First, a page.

Predicting Behavior: Depression in adolescent girls

It is sometimes essential that we be able to correlate behaviors that may relate to mental illness. Research points to early intervention as being an important predictor of recovery. If we can correlate one set of mental health symptoms with something that occurs early in life, and if that correlation holds true, we can better predict who will need mental health care and get services to them in a timely manner.

A recent study in the Journal of Early Adolescence points to a correlation between antisocial behavior in young girls and depression in adolescents. This is based on a University of Washington study starting with first and second graders and following them for 7 years.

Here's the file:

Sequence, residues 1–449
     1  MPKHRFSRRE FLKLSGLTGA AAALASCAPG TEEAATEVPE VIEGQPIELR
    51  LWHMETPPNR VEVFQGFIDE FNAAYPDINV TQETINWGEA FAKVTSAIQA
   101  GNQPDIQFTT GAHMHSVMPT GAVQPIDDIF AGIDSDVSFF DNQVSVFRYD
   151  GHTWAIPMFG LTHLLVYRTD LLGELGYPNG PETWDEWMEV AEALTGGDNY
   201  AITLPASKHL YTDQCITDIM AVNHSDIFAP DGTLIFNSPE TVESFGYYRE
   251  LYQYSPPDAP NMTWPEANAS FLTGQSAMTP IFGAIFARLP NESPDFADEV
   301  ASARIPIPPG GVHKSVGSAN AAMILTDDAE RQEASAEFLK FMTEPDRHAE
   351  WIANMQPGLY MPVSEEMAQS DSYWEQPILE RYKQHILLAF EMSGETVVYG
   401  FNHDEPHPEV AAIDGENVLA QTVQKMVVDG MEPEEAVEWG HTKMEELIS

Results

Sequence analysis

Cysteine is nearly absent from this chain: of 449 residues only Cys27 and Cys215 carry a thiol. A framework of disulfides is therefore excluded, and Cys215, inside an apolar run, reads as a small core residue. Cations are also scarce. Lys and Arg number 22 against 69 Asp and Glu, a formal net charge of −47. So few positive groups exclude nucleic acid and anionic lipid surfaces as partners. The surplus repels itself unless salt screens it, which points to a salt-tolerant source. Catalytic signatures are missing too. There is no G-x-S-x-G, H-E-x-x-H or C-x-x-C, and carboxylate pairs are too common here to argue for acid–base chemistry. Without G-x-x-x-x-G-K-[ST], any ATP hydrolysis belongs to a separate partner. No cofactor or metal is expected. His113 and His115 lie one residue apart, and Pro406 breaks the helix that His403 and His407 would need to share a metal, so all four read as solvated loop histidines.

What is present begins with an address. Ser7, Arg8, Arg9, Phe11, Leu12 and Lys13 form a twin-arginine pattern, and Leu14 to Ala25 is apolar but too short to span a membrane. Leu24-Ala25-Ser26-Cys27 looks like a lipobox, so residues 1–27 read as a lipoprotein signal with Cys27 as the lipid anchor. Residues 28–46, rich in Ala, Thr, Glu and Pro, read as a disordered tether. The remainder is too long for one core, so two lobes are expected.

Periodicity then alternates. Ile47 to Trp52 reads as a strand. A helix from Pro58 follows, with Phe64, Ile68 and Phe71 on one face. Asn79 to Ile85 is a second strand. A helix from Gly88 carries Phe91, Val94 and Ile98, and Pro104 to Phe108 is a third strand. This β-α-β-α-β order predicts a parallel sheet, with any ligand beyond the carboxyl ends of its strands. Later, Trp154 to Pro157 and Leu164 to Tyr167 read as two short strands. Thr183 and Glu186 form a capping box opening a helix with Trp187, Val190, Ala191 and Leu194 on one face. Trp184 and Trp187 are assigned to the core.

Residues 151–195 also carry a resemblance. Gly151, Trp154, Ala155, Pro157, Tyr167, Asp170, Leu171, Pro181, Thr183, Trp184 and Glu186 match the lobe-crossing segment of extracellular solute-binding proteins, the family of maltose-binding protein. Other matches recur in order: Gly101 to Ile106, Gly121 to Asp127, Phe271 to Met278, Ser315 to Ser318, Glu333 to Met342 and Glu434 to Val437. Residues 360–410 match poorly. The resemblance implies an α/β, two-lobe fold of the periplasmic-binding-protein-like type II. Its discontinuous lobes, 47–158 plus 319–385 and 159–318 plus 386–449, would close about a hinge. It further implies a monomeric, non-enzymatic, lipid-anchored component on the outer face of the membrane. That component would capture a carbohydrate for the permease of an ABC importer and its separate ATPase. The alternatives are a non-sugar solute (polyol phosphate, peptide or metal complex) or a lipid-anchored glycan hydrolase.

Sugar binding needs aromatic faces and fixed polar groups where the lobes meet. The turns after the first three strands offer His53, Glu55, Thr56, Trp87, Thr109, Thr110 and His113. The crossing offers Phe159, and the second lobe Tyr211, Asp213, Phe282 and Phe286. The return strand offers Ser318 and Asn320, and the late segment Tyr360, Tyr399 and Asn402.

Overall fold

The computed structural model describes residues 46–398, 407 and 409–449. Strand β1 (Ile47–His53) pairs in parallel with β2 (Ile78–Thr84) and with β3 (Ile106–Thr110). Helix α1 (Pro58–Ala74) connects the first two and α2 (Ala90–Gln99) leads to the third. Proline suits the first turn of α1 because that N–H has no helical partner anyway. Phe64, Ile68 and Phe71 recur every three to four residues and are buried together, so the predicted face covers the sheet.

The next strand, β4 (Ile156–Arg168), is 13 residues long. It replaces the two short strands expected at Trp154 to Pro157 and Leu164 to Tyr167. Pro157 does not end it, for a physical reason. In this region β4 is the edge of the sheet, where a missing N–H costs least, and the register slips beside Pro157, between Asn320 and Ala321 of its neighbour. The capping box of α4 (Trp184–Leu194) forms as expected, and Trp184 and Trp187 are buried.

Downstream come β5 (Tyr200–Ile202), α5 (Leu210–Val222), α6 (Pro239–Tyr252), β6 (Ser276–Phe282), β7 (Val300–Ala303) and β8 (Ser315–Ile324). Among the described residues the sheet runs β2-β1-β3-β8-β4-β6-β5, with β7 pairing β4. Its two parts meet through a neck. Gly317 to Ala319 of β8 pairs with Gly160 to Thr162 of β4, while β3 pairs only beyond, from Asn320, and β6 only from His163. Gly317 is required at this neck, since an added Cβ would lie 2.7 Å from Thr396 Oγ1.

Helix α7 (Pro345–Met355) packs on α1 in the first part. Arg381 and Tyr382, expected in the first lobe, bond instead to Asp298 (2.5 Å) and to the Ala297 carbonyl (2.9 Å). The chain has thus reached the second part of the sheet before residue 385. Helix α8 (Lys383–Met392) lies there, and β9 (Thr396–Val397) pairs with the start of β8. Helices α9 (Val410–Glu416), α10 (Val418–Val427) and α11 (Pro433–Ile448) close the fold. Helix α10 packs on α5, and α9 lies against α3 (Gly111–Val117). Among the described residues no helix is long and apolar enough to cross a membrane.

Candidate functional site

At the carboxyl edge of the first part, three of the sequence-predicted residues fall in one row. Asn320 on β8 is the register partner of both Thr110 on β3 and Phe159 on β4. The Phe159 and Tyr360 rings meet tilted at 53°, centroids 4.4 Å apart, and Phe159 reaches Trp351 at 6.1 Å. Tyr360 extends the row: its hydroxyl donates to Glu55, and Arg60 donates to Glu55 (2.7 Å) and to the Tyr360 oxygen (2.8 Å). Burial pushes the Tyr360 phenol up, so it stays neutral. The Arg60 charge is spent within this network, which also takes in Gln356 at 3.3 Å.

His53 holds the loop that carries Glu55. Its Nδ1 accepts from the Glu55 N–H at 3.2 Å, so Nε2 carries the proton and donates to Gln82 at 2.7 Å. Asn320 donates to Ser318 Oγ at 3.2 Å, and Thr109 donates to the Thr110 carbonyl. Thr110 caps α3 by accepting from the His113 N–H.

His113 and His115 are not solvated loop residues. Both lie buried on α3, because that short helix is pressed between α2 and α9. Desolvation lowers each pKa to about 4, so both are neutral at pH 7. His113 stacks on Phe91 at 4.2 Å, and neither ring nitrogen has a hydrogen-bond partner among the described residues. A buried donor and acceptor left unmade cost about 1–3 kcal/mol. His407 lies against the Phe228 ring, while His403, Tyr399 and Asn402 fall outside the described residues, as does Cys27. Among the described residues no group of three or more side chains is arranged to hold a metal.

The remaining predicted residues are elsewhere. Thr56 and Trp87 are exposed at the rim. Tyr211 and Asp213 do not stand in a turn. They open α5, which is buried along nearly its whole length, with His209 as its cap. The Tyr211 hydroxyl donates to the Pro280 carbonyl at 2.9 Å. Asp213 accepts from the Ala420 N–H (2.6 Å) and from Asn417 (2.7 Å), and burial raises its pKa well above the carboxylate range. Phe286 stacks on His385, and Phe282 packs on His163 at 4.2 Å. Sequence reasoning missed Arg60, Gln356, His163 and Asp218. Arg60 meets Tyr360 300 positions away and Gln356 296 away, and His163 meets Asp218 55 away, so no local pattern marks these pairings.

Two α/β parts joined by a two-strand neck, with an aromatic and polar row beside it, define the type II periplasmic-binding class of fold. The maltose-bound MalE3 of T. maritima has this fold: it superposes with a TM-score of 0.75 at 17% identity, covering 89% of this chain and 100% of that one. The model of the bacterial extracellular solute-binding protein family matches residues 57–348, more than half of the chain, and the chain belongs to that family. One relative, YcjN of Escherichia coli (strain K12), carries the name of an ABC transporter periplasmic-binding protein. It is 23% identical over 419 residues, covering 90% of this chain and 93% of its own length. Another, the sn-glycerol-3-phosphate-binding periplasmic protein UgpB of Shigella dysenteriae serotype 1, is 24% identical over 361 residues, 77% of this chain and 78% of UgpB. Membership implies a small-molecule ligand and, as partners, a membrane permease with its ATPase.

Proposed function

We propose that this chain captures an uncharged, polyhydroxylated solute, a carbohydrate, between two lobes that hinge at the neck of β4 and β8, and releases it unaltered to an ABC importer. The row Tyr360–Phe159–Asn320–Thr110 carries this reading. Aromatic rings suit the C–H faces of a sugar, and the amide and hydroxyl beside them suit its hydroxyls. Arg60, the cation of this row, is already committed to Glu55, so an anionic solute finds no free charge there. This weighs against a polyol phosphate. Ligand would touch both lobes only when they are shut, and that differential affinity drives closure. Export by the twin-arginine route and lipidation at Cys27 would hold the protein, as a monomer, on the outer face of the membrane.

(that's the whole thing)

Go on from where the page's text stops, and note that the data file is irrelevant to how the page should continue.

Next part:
Antisocial behavior is most commonly seen as a problem in boys, but this study found that antisocial behavior and anxiety were predictors of depression in early adolescence. The researchers note that more girls than boys suffer from adolescent depression.

This all leads me to question: are the minds of children and adolescents well-formed enough to apply an adult disorder to their mind. This is a serious question, I’m not doing one of those rhetorical questions to try to show that psychiatry is misguided, etc. If we were to diagnose depression in a 10-year-old girl, just as an example, on what criteria do we base this decision? Is the DSM adequate, considering the mental abilities and emotional state of a teenager?

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